(3) There is, in the appearance in St. Matthew’s list of Jeconias (as in 1Chronicles 3:17), and in St. Luke’s of Neri, as the father of Salathiel, a problem to be solved; but an adequate, though necessarily conjectural, solution is not far to seek. To assume that the Salathiel of the one list is not identical with that in the other, is to cut the knot instead of disentangling it. But it may be noticed that in the earlier registers connected with the name of the historical Salathiel, father of the Zerubbabel who was the leader of the Jews on their return from Babylon, there is an obvious complication. In 1Chronicles 3:19, Zerubbabel is the son of Pedaiah, the brother of Salathiel. The language in Jeremiah 22:30 at least suggests the thought that Jeconiah died without an heir. What seems probable accordingly is that the royal line descended from Solomon, expired in Jeconiah, and that Salathiel, the son of Neri, the representative of the line of Nathan, took his place in the line of inheritance. It is not without significance that in the contemporary prophecy of Zechariah, the house of Nathan appears, for the first time in the history of Judah, as invested with a special pre-eminence (Zechariah 12:12). The difference in the number of the names admits of the same explanation as before.Luke 3:3-6. And he came into all the country about Jordan — He made his first public appearance in the wilderness of Judea, Matthew 3:1; that is, in the uncultivated and thinly-inhabited parts of the hill-country round Hebron, where his father dwelt; Luke 1:39-40; but after his fame was spread abroad, and many came to him, he left Judea and passed over Jordan, residing chiefly at Bethabara, for the conveniency of baptizing, John 1:28; John 10:40. He travelled, however, through all that country; preaching the baptism of repentance — That is, calling sinners of all descriptions to repentance, and admitting the penitent to the baptism of water as an outward or visible sign, or emblem of the free and full remission of all their sins. In other words, he enjoined the penitent to be baptized, as a testimony, on their part, of the sincerity of their repentance, and on the part of John, who administered this ordinance by the commandment of God, as a seal or token that their sins were remitted. As it is written in the book of Esaias, The voice of one crying, &c. — See the notes on Isaiah 40:3-5. The evangelist, by citing this prophecy, as accomplished in the Baptist’s preaching, shows us its true meaning. Isaiah, by expressions taken from the custom of kings, who commonly have the roads through which they pass prepared for them, signified that the Messiah’s forerunner was to prepare his way, by intimating that the institutions of Moses were to be relinquished as the means of salvation, and by exhorting the people to repentance and amendment of life. Matthew tells us, that John enforced his exhortations to repentance from the consideration that the Messiah’s kingdom was at hand; the kingdom of heaven, foretold by Daniel the prophet, the new dispensation of religion, wherein all ceremonial observances were to be abolished, and nothing but repentance, partly flowing from, and partly followed by, faith in the Messiah, and producing sincere obedience, would avail toward the pardon of sin, acceptance with God, and the enjoyment of eternal life. According to Luke, the argument whereby John enforced his exhortations to repentance was, that sinners would thereby obtain the remission of their sins. The two evangelists, therefore, being compared, show, that the great and distinguishing privilege of the new dispensation is, that therein pardon is promised to, and conferred on, penitents who believe in Jesus, and that the kingdom of God, including righteousness, peace, and joy in the Holy Ghost, (Romans 14:17,) is set up in their hearts and governs their lives. Every valley shall be filled, &c. — Of these metaphors, which are plainly taken from the making of roads, the meaning is, that the Messiah’s forerunner, by preaching the doctrine of repentance, and thereby affecting men’s minds with remorse and shame for their past conduct, and producing amendment of life, should be instrumental in effecting such a change in the hearts and lives of the Jews, that many of them should acknowledge, receive, and become subject to the Messiah, when he appeared. And all flesh shall see the salvation of God — After such a preparation of the way as is now described, mankind shall behold, not a splendid temporal monarch, accompanied with a magnificent retinue, but the author of that salvation which God has prepared before the face of all people. Luke 2:30-31; see notes on Matthew 3:3.Matthew 3.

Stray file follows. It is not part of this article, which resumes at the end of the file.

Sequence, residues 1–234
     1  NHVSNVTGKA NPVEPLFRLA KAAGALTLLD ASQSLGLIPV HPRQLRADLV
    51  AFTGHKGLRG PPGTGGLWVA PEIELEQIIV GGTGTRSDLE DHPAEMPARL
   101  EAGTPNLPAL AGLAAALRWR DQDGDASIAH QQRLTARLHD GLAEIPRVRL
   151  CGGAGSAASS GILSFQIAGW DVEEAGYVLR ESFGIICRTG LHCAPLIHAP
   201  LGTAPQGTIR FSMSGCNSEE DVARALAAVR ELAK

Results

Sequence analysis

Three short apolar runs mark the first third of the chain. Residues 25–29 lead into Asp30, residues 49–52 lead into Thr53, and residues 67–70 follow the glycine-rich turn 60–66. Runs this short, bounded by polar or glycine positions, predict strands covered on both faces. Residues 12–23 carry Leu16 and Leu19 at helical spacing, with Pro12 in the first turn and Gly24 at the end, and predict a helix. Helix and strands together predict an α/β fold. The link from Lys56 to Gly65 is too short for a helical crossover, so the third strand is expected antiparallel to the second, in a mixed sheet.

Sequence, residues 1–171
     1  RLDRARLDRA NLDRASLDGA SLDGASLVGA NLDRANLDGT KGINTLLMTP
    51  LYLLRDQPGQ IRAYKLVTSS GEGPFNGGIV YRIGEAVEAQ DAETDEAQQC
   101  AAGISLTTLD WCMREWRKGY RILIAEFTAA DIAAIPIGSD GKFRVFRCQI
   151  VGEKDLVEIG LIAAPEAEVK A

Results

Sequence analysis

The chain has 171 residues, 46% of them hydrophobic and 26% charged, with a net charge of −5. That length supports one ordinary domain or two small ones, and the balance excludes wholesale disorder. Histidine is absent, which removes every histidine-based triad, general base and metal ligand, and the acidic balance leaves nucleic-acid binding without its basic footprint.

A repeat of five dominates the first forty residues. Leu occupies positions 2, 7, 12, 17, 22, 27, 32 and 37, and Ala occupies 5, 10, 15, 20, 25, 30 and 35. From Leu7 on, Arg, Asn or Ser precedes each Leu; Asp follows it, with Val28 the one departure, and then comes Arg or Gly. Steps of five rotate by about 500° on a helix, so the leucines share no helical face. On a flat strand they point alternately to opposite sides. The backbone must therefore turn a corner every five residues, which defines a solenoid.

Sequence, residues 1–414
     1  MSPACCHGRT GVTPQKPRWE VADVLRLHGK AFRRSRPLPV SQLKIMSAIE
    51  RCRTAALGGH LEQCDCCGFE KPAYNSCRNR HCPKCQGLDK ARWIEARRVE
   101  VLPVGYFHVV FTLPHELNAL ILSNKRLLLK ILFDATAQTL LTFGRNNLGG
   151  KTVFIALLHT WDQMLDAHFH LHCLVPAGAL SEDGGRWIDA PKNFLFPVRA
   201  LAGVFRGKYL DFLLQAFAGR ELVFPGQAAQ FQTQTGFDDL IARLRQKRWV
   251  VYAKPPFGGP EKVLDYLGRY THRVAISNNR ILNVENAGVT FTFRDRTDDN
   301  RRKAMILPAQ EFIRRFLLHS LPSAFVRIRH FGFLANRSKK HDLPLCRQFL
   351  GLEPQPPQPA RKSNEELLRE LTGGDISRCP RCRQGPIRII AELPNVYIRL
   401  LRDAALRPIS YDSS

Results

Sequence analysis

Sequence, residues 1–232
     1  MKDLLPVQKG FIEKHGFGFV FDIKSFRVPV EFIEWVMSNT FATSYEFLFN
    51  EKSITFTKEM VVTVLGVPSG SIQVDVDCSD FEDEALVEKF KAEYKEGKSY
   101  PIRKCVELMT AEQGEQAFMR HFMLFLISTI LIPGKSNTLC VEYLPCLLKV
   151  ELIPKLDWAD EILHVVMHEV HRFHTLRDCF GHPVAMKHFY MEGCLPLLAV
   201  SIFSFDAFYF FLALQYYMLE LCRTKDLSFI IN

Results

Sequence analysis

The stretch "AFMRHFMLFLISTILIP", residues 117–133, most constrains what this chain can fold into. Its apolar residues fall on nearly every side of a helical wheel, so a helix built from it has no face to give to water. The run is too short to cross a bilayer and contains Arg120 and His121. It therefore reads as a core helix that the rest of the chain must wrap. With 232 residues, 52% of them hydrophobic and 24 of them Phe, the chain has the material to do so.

word of God came unto John—Such formulas, of course, are never used when speaking of Jesus, because the divine nature manifested itself in Him not at certain isolated moments of His life. He was the one everlasting manifestation of the Godhead—The Word [Olshausen].Matthew 3:1-17, or in Mark 1:1-45, or in the John 1:1-51 3:1-36. From them all it appeareth, that the sum of his doctrine was, the necessity of repentance, and faith in Christ, in order to the remission of sins. His pressing faith in Christ is most clearly declared by the evangelist John. Matthew, Mark, and Luke insist more upon his preaching the doctrine of repentance for the remission of sins, and baptism as an evidence of it. Which doctrine or repentance he pressed both from evangelical motives, The kingdom of heaven is at hand, and from legal motives, or arguments of terror, The axe is now laid unto the root of the trees: in this setting an example to all ministers of the gospel, showing them what should be the main subjects of their discourses, for we shall find that our Saviour preached the same doctrine, and in the same method. What is here said we before opened: